Big Piney High School musician makes it to All-State

Photograph courtesy Adalyn Bennett Big Piney High School junior Adalyn Bennett is now learning the ukelele.

the span of a decade,

junior Adalyn Bennett has learned to play

just about every instrument out there. She

launched her music career with the piano,

followed by several years on the flute and

then a major switch to the French horn

in high school. She plays the mellophone

and trumpet in pep band.

Bennett also played the church organ

on occasion and picked the guitar up for

a few weeks. A month ago, when she was

in Casper, Bennett bought a ukulele and is

teaching herself how to play using You-


Bennett’s hard work, talent and adaptability

were recognized this year when

she was selected by the Wyoming Music

Educators Association to play the French

horn with the 2019 All-State Honors

Band. Getting into All-State is one of the

highest honors a high school musician can

achieve, and Bennett was the only student

selected this year from Big Piney High


A multidimensional musician

Bennett was in kindergarten when she

first sat down at the piano. Her grandmother

provided the instruction, but

Bennett also found inspiration from her

mother, a local piano teacher in Big Piney.

“My mother is a fabulous teacher,”

said Bennett. “That’s how I started to get


Bennett no longer takes formal piano

lessons, but she still plays for her church

and “for fun.” She is proficient in a wide

range of different keyboard styles, from

sacred hymns to music from the Renaissance.

This year, she learned to play a

piano transcription of one of her favorite

songs, Queen’s “Bohemian Rhapsody.”

In fifth grade, Bennett joined the elementary

school band and spent the next

four years playing the flute. In ninth

grade, she switched from the woodwinds

to the brass section.

“We hadn’t had a high school French

horn player in years,” she said. “We had

a lot of flutes and not much brass. So Mr.

(Travis) Swanson encouraged me to try

the French horn.”

Bennett quickly mastered the French

horn, stating it was basically a task of

learning “to make music out of something

else.” She performed 19th-century German

composer Franz Strauss’ “Nocturno

for Horn and Piano” at a local music festival.

The piece was “really hard” to study,

but worth it, because Bennett learned that

Big Piney High School musician makes it to All-State

there are “lots of beautiful solo pieces for

the horn.”

A lot of Bennett’s musical inspiration

comes from Broadway musicals.

“The way they tell stories through

music is awesome,” she said. One of her

favorite musicals is Lin-Manuel Miranda’s

“Hamilton.” For her 16th birthday,

Bennett got to see a live performance of

“Hamilton” in Chicago.

Bennett enjoys listening to instrumental

jazz as good “background” music for

studying. Recently, Bennett has become

a big fan of Queen, a “legendary group

of music makers” that she and her friends

“listen to a lot.”

All the way to All-State

This January, Bennett was one of about

80 high school musicians chosen out of a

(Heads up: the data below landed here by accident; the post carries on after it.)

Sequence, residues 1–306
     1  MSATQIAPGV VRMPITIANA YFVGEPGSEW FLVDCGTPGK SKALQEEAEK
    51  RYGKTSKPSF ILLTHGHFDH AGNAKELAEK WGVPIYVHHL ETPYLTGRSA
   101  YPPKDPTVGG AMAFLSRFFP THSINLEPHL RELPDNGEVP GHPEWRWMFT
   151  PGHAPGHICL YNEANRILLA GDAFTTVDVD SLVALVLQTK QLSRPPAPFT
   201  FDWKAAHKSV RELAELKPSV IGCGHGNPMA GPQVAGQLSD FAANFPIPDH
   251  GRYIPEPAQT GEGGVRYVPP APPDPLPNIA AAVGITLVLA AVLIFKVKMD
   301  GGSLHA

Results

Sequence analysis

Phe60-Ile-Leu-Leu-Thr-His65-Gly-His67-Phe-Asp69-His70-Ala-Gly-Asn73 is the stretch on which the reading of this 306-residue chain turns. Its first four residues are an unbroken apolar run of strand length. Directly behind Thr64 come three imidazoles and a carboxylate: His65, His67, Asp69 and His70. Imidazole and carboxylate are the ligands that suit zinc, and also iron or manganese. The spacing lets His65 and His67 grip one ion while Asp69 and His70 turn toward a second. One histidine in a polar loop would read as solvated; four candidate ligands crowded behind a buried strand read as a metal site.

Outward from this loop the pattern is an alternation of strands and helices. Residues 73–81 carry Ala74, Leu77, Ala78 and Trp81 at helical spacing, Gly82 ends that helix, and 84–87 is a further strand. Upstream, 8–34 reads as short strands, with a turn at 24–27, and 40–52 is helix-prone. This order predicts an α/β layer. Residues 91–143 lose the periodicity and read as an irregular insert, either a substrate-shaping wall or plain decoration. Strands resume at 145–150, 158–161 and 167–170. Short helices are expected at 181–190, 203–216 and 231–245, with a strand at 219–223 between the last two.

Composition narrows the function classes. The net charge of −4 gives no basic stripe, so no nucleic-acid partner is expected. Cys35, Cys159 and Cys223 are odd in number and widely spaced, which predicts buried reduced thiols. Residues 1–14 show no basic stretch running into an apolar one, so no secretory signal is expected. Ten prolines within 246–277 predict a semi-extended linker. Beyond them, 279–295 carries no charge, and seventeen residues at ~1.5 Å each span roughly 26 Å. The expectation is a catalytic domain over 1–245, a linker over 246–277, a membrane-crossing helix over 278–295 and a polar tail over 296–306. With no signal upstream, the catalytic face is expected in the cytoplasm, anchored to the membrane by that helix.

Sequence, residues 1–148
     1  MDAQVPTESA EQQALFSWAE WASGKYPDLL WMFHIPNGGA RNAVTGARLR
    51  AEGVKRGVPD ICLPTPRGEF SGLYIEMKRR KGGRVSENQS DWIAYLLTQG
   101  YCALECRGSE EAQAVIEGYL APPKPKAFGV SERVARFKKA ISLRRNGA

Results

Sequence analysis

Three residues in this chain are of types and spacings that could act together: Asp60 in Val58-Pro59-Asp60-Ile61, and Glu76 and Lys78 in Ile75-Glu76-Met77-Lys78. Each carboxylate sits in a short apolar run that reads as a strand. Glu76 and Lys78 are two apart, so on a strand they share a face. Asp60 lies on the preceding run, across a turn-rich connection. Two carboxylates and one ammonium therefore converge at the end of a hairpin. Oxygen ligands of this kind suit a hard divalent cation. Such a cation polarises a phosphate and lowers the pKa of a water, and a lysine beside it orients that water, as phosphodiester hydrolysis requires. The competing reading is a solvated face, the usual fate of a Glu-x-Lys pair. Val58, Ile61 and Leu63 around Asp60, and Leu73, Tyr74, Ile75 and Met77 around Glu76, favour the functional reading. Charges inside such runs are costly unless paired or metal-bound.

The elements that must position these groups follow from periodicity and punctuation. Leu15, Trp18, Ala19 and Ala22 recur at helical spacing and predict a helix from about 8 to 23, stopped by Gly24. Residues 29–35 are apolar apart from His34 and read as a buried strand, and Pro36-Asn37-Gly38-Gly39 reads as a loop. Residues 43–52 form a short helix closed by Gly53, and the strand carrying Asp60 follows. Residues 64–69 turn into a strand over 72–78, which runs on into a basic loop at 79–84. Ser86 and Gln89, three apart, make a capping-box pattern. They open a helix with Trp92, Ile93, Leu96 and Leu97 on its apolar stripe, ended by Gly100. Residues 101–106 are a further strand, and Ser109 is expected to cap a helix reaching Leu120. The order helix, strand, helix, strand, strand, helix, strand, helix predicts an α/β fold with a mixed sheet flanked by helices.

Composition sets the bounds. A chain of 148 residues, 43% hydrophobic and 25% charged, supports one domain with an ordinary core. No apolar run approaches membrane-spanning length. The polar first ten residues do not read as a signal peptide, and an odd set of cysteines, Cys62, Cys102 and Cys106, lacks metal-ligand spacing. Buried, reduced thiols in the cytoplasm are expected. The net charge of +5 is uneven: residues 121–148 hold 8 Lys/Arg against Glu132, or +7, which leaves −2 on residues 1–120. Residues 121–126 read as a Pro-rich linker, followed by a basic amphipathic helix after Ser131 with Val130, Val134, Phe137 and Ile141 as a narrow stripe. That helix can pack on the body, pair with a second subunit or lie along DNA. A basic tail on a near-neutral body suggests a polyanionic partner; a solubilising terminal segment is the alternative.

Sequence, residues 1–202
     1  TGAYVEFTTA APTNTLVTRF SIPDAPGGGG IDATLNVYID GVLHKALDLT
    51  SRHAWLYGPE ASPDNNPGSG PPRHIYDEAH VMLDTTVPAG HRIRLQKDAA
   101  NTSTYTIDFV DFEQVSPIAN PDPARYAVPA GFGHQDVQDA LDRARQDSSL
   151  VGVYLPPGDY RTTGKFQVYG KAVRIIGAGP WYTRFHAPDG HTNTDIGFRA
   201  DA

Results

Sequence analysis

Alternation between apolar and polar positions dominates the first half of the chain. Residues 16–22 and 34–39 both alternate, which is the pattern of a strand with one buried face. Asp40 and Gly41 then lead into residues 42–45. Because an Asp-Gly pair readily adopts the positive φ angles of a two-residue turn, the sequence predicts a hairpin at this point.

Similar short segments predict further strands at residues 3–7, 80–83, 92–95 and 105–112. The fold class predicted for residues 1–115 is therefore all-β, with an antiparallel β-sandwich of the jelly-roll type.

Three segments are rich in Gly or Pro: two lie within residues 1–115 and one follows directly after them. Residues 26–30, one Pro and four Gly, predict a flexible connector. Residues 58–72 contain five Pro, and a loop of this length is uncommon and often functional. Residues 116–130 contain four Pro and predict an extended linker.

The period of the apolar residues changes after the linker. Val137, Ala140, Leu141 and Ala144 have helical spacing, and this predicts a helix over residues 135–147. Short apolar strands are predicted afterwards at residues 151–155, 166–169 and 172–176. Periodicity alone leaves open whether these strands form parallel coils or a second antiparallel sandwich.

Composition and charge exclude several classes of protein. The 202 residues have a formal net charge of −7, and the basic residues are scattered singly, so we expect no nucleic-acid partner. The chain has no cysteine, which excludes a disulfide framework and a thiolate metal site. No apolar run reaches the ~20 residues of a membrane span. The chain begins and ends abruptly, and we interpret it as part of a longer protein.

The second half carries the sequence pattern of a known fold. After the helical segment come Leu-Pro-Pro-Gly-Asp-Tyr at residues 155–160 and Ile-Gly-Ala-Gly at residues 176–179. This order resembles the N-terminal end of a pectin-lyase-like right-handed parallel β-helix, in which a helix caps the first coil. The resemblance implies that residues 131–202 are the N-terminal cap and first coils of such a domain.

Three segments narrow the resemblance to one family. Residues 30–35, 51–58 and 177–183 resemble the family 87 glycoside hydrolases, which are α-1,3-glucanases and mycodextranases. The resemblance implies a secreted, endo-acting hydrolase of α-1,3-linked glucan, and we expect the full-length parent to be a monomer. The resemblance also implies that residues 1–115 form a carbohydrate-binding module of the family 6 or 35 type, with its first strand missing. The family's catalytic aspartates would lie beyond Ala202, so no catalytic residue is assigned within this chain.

pool of hundreds of other students from

across Wyoming to perform in the prestigious

All-State Honors Band. The audition

process is grueling and requires a lot

of practice.

The Wyoming Music Educators Association

sets an audition date and posts

materials online that hopefuls only have a

few weeks to master. In addition to learning

selections from two pieces of music,

those auditioning also have to perform all

the regular scales and a chromatic scale.

Then they have to pass a sight-reading


Bennett explained that she worked with

Big Piney’s band teacher, Travis Swanson,

and Justin Smith from Pinedale High

School to prepare her audition tape. Once

she was selected, Bennett started learning

the five pieces that the All-State Honors

Band performed this January in Casper.

The musicians who arrive in Casper from

around the state have only two busy days

of rehearsal to prepare for the concert.

“They expect you to be pretty well prepared

when you arrive,” Bennett said.

Students from larger schools often

have the luxury of practicing for All-State

with other band, choir or orchestra mates.

Bennett, however, was on her own. She

used YouTube to listen to professional

performances of the pieces and learn her


“YouTube was my best friend,” she


Three of the five pieces were “pretty

easy to put together,” Bennett added. The

fourth was “a little more difficult,” while

the fifth, “Vesuvius” by Frank Ticheli,

was “pretty intense.” Ticheli’s piece

jumps around between lots of unusual

time signatures.

Bennett’s favorite piece was called

“Ammerlande” by contemporary Dutch

composer Jacob de Haan. The selection

was particularly “lush and pretty and really

dramatic,” Bennett said.

This was Bennett’s first year attending

All-State, and the experience was positive.

“The eight people in the horn section

were really great to get to know,” she

said. “It was cool to be around people

who love band and are super passionate

about the music.”

Somehow Bennett manages to find

time to practice the horn and all the other

instruments she plays in between basketball,

swimming in the fall, church activities

and serving on the student council.

Bennett has another year of high school

and plenty of time to figure out what she

wants to do after graduation. But no matter

what path she chooses, she is certain

that she

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